Focke-Wulf Ta 400 (Amerika Bomber) Long Range Strategic Heavy Bomber
Part of the heavy bomber German initiative of World War 2, the Focke-Wulf Ta 400 only ever became an incomplete prototype by the end of the war.
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The early wartime commitment to fighters and medium bombers came back to haunt German warplanners during the middle and latter stages of World War 2 (1939-1945). As the war in Europe moved along and brought with it a growing material commitment from the United States and others, the Luftwaffe was hard pressed to bring the fight over enemy cities in an attempt to demoralize the homefront. As such, a program was devised by the Germans under the name of "Amerika Bomber" to bring about a long-range, heavy strategic bomber capable of making the Atlantic crossing. The design would have to cover some 3,600 miles and eventually involved some of Germany's top wartime aviation firms including Focke-Wulf, Heinkel, Junkers, and Messerschmitt. None of the proposed submissions were successful with only a select few actually seeing any notable completion/production - the primary detriments named were program cost and material commitment from within the confines of the deteriorating German war situation.
The Focke-Wulf concern, largely recognized by its famous Fw 190 single engine fighter of the war, had already entertained a multi-engine long-range aircraft for the civil airliner and military markets during 1941-1942 (as the "Ta 300"). The type was also being developed as a possible successor to another Focke-Wulf product - the Fw 200 "Condor" maritime patrol bomber. With the need for dedicated long range bombers by the German Luftwaffe, the civil-minded Fw 300 design fell to naught and no material work was committed to the project.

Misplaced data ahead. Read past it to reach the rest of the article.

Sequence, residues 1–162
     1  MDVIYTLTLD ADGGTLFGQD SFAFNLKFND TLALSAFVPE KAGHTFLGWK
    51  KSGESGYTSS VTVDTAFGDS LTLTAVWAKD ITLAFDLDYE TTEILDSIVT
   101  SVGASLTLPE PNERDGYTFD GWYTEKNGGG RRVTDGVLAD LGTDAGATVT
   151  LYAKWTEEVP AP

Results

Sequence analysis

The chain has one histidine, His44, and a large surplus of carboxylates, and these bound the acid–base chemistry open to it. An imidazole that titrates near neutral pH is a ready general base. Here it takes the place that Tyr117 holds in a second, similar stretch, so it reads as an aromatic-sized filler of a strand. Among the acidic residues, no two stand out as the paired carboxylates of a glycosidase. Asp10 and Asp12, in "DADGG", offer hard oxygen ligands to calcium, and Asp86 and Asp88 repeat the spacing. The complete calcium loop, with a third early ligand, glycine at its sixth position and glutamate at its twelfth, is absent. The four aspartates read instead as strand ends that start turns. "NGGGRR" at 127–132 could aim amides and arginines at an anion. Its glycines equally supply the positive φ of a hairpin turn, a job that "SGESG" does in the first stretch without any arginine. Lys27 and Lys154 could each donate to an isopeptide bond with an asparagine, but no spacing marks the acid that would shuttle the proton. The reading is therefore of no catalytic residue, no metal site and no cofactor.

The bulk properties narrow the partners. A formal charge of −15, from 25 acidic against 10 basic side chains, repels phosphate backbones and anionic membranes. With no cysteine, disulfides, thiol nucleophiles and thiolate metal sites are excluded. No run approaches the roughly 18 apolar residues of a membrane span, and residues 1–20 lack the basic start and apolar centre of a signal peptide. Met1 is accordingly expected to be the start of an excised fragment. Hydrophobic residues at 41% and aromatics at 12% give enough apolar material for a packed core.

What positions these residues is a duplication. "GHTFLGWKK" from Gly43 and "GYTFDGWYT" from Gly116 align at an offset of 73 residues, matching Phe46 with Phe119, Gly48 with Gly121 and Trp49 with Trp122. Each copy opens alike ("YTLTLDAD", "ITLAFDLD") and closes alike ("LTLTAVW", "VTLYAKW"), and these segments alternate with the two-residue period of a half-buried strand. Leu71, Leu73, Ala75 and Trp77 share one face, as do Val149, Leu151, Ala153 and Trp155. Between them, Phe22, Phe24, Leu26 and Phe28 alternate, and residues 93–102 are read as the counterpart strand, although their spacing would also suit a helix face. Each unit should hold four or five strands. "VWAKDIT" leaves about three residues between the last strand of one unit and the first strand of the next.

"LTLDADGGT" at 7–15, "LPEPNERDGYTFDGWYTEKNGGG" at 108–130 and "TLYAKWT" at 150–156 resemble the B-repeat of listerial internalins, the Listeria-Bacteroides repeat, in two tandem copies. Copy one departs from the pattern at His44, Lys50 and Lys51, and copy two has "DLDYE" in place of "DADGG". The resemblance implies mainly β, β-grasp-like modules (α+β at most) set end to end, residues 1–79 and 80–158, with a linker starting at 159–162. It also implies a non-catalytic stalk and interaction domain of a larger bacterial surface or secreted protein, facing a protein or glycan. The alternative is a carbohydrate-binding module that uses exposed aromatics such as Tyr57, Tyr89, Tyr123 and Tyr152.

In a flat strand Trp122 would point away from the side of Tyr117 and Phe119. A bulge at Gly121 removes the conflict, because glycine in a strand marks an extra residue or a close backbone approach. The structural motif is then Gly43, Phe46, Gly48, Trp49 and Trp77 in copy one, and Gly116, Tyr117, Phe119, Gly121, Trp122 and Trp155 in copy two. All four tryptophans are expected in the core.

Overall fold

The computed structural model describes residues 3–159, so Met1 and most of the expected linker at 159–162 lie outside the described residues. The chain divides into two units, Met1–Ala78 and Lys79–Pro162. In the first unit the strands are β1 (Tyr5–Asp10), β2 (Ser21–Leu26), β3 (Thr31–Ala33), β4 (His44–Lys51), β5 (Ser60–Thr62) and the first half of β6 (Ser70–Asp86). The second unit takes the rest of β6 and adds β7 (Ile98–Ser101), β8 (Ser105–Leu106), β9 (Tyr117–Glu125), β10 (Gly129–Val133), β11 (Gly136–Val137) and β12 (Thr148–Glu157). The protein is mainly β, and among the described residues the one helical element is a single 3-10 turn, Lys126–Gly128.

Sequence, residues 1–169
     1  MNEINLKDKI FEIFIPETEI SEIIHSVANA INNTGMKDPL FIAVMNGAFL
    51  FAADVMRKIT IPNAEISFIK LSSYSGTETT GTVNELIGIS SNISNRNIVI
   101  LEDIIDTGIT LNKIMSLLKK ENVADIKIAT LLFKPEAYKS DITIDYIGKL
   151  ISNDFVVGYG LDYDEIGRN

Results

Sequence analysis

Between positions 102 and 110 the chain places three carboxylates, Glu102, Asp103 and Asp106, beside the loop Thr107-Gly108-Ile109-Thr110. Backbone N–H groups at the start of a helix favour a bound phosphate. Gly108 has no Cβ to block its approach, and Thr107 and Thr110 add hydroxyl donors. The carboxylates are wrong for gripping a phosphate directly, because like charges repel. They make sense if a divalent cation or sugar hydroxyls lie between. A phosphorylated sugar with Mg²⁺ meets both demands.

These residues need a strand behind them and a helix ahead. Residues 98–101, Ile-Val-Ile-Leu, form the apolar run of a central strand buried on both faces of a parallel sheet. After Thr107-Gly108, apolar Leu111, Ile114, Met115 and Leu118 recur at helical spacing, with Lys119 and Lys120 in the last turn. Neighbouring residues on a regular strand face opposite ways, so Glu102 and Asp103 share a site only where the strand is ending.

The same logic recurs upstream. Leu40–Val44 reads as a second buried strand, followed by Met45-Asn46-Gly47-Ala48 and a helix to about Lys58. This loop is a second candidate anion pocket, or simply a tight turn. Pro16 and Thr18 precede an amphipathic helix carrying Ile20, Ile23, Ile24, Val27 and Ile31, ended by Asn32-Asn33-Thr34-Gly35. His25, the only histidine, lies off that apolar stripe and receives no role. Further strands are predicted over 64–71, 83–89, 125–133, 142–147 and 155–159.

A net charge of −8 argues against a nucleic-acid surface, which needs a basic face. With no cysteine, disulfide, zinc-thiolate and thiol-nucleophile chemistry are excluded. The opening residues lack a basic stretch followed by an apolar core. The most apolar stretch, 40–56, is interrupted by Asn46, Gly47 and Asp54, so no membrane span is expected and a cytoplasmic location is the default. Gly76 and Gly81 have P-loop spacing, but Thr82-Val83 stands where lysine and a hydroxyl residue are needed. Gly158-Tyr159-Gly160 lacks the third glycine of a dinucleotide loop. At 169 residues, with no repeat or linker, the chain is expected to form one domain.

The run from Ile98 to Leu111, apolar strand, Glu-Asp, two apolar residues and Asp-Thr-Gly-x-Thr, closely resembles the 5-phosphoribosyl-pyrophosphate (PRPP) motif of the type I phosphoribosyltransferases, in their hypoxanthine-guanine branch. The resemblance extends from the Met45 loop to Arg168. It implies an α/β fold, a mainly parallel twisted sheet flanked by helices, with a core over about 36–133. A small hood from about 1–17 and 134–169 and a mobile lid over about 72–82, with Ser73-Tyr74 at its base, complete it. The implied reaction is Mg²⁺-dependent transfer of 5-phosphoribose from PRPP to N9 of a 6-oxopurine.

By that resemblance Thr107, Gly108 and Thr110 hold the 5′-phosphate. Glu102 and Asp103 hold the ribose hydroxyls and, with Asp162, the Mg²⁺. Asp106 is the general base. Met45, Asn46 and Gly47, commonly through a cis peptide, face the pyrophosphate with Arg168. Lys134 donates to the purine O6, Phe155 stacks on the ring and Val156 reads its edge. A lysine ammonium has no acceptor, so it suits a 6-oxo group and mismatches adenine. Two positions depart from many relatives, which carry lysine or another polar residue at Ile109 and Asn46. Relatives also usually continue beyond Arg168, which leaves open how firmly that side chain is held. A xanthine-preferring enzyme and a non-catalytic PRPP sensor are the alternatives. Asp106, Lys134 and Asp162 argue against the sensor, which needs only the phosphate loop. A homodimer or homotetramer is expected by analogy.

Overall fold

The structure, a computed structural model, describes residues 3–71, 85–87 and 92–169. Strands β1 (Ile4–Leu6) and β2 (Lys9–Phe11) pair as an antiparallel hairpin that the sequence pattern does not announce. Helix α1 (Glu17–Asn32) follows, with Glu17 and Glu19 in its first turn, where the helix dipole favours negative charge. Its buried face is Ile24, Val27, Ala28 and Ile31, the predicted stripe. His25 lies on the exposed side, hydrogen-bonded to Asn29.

With its background in large, multi-engine aircraft Focke-Wulf moved on a new German Air Ministry requirement that appeared in January of 1942. The specification called for a bomber platform of considerable operational range with hefty bomb load capabilities to boot for use in the long-range bombing role or for reconnaissance duty. Focke-Wulf's famous engineer, Kurt Tank, revealed plans for such an aircraft when he penciled the "Ta 400" based on his earlier Ta 300. Tank envisioned a massive aircraft powered by no fewer than 6 x radial piston engines set along a straight monoplane wing assembly. The overall design form was highly conventional for the period and included a streamlined, tapered fuselage, remote-controlled cannon-armed weapon stations, and a "split-T" twin rudder tail unit.
Design work on the Ta 400 began in 1943 and involved both German and French engineers, the latter unfortunate enough to be caught up in German territory following the fall of Paris during the Battle of France (May-June 1940). This work was therefore being undertaken at a Focke-Wulf facility stationed outside of Paris. The engine of choice became the BMW 801D air-cooled, 14-cylinder radial in a twin row arrangement whose output was rated at 1,700 horsepower each and six of these were to be used to power the aircraft. For high altitude service, the crew areas were all to be pressurized. Remote-controlled turret barbettes allowed for heavy armament to be fitted and the crew kept within the confines of the pressurized sections of fuselage. In terms of bomb load, the aircraft was intended to carry up to 53,000 lb and performance from the engines would net an estimated operational range out to 7,500 miles. In time, the idea of 2 x Junkers Jumo 004 supporting turbojet engines (2,000 lb thrust each unit) was added which would serve to help performance - particularly on take-off. The standard crew complement numbered nine to consist of flight crew as well as mission specialists and dedicated gunners. One facet of the Ta 400's design that changed consistently was the heavily-glazed shape of the cockpit canopy.